Ironhack Prework Challenge 3

Valeria Costantini
5 min readMar 10, 2021


Using and redesigning Tripadvisor

For the third challenge of the prework, Ironahck asked me to evaluate the usability of a travel mobile application and redesign some critical parts of it. I had to choose the user type I was going to focus on and for this UX/UI study I decided to interview young couples (20–40 years old).

User type

Young group — 20–40 y/o (4)
You and your friends have decided to invest and spend some quality time together. You are planning your trip one year in advance to really make it happen and accommodate everybody’s schedules and needs. You’d like to share as much time together and plan for a lot of fun. You’re interested in a mix of culture and leisure. You have all saved for the last year for the trip so, while you’re still price-conscious this is the opportunity to spoil yourselves.

Destination: Bali, Indonesia

  • Nearest / most convenient airport to destination: Denpasar, is the capital of Bali and the main gateway to the island.
  • Currency and exchange: Indonesian Rupiah (IDR) or also shown as Rp. (25.000 Rp = 1,5€)
  • Medical needs: The only vaccine required by international regulations is yellow fever.
  • Visa: No Visa needed for European visitors, if they stay less than 30 days (Free Visa Entry Stamp or Visa Exemption)
  • Days needed to visit attractions: a week


The system should always keep users informed about what is going on, through appropriate feedback within reasonable time.

Jakob Nielsen’s 10 Usability Heuristics

I had to choose a travel app to work on among Kayak, Tripadvisor, Skyscanner and Hopper. To do so, I conducted a Heuristics Usability evaluation with Nielsen’s Principles and chose Tripadvisor. I took into account the fact that my user type decided to invest and spend some quality time together, making their trip a mix of culture and leisure.

Considered this, I tested out two possible scenarios that included booking a flight to Bali, Indonesia and booking some outdoor activity. I ended up deciding to use Tripadvisor due to several reasons. Tripadvisor has a beautiful and clear interface, that from the very beginning let the user choose among several categories of interest: Hotels (accomodation); Activities; Restaurants; Flights and Travel forum.

Also, Tripdadvisor has the ability to filter out the activities and tours that are near landmarks which was a great feature to have for my task at hand. This was not the case for apps such as Skyscanner which is essentially a booking service.

Now, let’s find out what users thought about Tripadvisor!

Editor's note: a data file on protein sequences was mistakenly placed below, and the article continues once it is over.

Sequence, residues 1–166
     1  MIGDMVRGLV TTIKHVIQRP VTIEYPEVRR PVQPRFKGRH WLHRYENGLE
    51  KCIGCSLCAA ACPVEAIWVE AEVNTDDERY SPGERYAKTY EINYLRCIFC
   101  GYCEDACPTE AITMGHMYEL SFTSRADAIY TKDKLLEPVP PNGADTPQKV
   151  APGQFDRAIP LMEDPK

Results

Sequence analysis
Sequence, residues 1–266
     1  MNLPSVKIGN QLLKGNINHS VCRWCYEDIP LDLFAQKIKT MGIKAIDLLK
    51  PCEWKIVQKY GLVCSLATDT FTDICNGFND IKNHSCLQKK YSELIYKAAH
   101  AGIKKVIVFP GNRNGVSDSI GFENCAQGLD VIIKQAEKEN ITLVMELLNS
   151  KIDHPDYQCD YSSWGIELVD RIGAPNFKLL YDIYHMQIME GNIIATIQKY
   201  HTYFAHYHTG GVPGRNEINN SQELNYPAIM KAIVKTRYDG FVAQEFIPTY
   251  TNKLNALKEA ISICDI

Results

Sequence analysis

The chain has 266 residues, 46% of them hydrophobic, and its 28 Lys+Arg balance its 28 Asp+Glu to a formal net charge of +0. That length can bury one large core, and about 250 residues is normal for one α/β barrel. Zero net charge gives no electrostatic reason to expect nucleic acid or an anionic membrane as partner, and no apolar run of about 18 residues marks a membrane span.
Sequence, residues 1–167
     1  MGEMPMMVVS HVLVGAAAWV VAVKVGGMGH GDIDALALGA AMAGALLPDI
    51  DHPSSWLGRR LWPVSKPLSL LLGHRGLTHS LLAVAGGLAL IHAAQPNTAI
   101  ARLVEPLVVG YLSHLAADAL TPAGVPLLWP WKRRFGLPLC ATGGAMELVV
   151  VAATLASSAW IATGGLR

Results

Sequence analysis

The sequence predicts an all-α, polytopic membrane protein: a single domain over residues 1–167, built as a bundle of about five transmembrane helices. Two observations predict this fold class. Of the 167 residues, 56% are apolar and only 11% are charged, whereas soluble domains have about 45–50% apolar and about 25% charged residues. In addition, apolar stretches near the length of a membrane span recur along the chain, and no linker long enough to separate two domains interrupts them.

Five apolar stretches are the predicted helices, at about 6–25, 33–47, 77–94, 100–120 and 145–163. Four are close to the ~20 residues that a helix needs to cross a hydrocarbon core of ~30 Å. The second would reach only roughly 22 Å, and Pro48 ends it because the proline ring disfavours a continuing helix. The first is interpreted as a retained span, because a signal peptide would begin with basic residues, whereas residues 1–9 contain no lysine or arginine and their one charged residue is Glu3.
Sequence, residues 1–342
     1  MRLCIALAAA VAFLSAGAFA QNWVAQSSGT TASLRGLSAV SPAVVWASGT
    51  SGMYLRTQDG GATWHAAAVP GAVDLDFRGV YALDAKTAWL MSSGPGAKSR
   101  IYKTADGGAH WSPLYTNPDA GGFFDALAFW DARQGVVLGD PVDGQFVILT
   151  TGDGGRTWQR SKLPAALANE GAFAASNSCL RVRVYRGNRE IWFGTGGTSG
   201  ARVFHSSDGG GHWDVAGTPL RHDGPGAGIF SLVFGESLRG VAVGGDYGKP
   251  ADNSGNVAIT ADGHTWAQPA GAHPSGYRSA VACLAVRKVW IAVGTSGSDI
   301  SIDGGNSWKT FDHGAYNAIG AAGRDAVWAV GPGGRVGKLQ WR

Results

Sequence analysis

First of all, in order to get a first impression of the app’s performance, I asked the users to do the so-called “five second test”. I showed them the app’s home screen for five seconds, then covered it up and asked them:

  • What do you think this app is mainly for?
  • What can this tool do for you?
  • Where would you search for a flight?

Everyone understood what the product was about and 5 over 6 users recognized the app since they normally used it. Everyone said they would use this tool to plan a vacation. Most of them answered they would search for a flight in the central-top area of the screen and remembered the possibility of choosing from several categories.

The second task the interviewers had to deal with was to think about a possible scenario and specifically, I asked them to book a flight for Bali and to make a reservation for some tour or special activity. I told them they should choose an activity for small groups and that they had a mid-range budget: they should be price-conscious but this trip would be the opportunity to spoil themselves!

Results and redesign

To detect the main friction areas and discover the “pain points” of the app, I have asked 3 couples (6 users in total) to simulate the process of booking a flight/activity or tour. The point was to understand what could be blocking the user to have happy results or the experience they expected.

I decided to focus on the process of booking a group activity or tour and found out that all the users were disappointed by the fact that there was no filter option within the “Activities” subcategory.

Filter/Map Tab layout

In fact, in order to had the chance of filtering the results the user currently has to click on the green CTA “See more” (Vedi tutti) and only after moving to the second screen of the reservation process the Filter icon floats on the bottom of the page.
Many users (4 over 6) were unable to see the Filter icon at first sight and needed more than 10 seconds to find it. I would suggest maintaining two tabs layout at the top of the screen, right under the dates, to let the user decide whether to filter them or see them on the map.

Since my user type were small groups, once the user has decided the dates he is interested in, I think it would be helpful for him to select how many tickets he would like to buy and have a clear idea of the expense of the tour.

Ticket/Number of people selector


In this challenge I have learned that, although there are a series of established principles that determine if the design of an application can be considered user-friendly, understanding the real needs of users and finding a useful solution for them, can require modifications to a product that until that very moment seemed just fine!

Even if at first glance the design of an application seems great and already “perfect”, there are always details to be polished in order to improve the user experience.



Valeria Costantini

I’m a UX/UI Designer. I love pizza, photography and prototyping.